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Can Cats Get Arthritis?

Posted on 14 September 2020
Can Cats Get Arthritis?

Did you know recent studies suggest that up to 90% of cats 12 and older have evidence of arthritis?

While arthritis is a common occurrence in humans as they age, our feline friends are suffering through similar issues. However, many cat owners aren't aware of just how high the prevalence of the disease is, or that their cat might not even show any symptoms of suffering.

Cats tend to be quite graceful as they age, remaining agile and vibrant, but debilitating and degenerative diseases like arthritis can really get them down.

Similar to humans, cats are affected in the joints, with inflammation and pain occurring most often in the hips, knees and elbows. This affects their quality of life negatively, keeping them from enjoying their simple pleasures, such as playing, jumping and running.

We know you don't want your cat to suffer, so keeping this information in mind and bringing your cat in for regular wellness checks (especially as they become seniors) is vital for their happiness.

 

What are the signs of arthritis in cats?

Hiding discomfort or pain is a natural phenomenon in cats - and they're pretty good at it. Due to this ability, the signs of arthritis might not be as easy to see as you'd expect.

While dogs suffering arthritis tend to limp around, it's unlikely you'll see a cat do the same, however, there are some other more subtle signs you can keep an eye out for. These generally involve the cat changing their behaviour in order to minimise how much they use the joints that are inflamed.

Reduced movement such as more reluctancy in climbing stairs or jumping from heights - also jumping onto surfaces they had no issues jumping on previously.

Changes in personality such as an increase in aggression and increased meowing.

Reduced levels of activity such as loss of interest in playing, more time spent sleeping and a decrease in interacting with you or other household members.

Changes in their grooming behaviour, such as a greater struggle to use the litter tray and decrease levels of self-grooming.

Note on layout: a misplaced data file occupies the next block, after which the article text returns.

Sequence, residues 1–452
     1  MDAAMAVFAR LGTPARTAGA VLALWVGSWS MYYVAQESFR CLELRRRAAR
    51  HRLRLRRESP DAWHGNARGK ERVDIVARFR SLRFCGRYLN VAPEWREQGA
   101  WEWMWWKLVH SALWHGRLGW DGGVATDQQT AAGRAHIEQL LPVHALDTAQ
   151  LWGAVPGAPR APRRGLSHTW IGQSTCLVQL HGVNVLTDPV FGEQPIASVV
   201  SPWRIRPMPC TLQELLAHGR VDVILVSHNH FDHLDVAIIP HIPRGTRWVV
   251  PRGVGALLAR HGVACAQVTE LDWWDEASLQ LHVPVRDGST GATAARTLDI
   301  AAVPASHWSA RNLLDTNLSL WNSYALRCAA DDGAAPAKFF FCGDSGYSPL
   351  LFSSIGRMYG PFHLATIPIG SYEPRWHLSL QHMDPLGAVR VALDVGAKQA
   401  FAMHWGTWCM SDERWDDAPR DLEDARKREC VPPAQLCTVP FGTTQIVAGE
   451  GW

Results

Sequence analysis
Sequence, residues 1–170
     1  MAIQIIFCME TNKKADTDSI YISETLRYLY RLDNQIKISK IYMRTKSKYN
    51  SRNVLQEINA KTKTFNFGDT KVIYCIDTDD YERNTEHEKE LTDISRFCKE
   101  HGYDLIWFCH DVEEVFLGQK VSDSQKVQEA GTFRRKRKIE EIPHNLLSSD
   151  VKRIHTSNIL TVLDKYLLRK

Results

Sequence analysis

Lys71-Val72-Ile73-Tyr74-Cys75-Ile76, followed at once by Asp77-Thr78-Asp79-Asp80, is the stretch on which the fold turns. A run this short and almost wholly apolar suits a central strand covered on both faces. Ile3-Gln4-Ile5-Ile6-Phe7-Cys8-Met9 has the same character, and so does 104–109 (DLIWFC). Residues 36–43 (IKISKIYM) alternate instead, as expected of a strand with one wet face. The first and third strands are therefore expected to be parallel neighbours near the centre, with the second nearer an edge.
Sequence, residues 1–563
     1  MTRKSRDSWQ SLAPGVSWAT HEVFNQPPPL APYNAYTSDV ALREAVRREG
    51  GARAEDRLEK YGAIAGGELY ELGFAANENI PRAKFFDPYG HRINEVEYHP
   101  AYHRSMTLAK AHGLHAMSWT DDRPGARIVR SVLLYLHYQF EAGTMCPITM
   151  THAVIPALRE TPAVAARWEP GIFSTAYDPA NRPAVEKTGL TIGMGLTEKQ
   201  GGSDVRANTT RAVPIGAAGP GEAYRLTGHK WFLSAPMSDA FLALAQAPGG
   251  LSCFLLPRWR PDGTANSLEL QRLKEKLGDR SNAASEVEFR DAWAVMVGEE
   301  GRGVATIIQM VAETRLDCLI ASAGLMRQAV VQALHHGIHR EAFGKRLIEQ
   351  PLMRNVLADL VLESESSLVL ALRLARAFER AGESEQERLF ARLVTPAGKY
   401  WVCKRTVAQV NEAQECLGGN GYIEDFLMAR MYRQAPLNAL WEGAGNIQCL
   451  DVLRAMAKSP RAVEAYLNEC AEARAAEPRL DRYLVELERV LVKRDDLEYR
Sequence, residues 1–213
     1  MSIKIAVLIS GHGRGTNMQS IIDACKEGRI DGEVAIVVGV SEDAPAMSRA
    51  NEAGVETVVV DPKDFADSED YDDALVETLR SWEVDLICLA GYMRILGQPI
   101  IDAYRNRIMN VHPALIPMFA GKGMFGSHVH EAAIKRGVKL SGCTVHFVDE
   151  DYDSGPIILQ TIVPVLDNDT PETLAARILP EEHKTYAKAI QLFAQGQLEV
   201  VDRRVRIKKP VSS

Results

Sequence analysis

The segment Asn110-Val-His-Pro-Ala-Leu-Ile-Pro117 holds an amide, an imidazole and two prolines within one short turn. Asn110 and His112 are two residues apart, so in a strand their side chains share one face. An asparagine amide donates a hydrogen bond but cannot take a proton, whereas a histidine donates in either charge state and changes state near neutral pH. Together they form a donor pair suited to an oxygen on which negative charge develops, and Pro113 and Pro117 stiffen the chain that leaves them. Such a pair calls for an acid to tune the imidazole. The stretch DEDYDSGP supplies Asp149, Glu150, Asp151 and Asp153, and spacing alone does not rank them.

What are the risk factors of a cat developing arthritis?

Certain factors can increase the chances of your cat developing arthritis - the most common cause, however, is considered to be genetics.

Genetics: certain breeds are more inclined to develop the disease due to other underlying conditions relating to the joints. This includes hip dysplasia and patella luxation, most commonly seen in Maine Coons, Persians and Siamese breeds.

Past injuries: suffering an injury that affects the joints, such as those sustained in a road accident or a dislocation of the joint, can increase the likelihood of arthritis developing in the damaged joint.

Everyday use: like humans, the general use of joints can cause them to wear down and lead to the development of arthritis.

Weight problems: suffering from weight issues such as obesity increases the general wear and tear on the joints.

 

Is arthritis in cats curable?

There is no cure for arthritis in either cats or dogs, however, there are some treatments available that can help manage the disease. Your veterinarian will help decide the best options for your cat, depending on their age, co-existing health problems, severity and progression of the disease.

Treatments include:

  • Medications
  • Joint supplements
  • Additional therapies
  • Surgery

The good news is, cats with managed arthritis can and do live long, enjoyable lives with normal life expectancy!

 

How can I help my cat's arthritis?

While there is no cure for arthritis, there are some simple tips you can implement at home to help make your cat feel as comfortable as possible:

  • Providing easy to access, extra soft bedding.
  • Providing steps or ramps that help them have easier access to higher surfaces they frequent, such as couches or window sills.
  • Litter trays with low sides for easier access and use.
  • Discuss with us a suitable diet for your senior cat if necessary.
  • Easily accessible water and food trays.
  • Following advice and medication treatments provided by your vet.
  • Watch their weight - while excess weight hasn't been proven to cause arthritis, it certainly makes managing the condition harder and more painful for the cat.
  • Keep them warm in the winter  as the cold aggravates arthritis.

 

How can I prevent my cat from developing arthritis?

There is no guarantee that you can prevent your cat from developing arthritis, especially as they become a senior cat. Regular exercise and play alongside good centurion and keeping your cats weight lean is the best way you can attempt to prevent arthritis. REgular wellness checks, especially as your cat approaches their senior stage of life are also recommended to ensure if they do begin developing arthritis, as well as any other disease before it progresses.

 

Fast facts about arthritis in cats:

  • It's very common - it's thought that up to 90% of cats over 12 suffer from the disease.
  • Signs and symptoms may not be obvious at all - cats are resilient when they're uncomfortable or in pain.
  • Look for changes in behaviour in how they use their joints eg. not being able to jump on high surfaces they once easily could jump on.
  • Certain breeds and other factors can increase the risk of arthritis developing.
  • Regular wellness checks are the best way to keep on top of diseases.
  • Your veterinarian will discuss an appropriate treatment plan for your cat.

 

If your cat is exhibiting changes in their behaviour, is a senior needing a wellness check or just hasn't had a routine check up in a while - give us a call on (07) 4630 8399 or click here to book an appointment.

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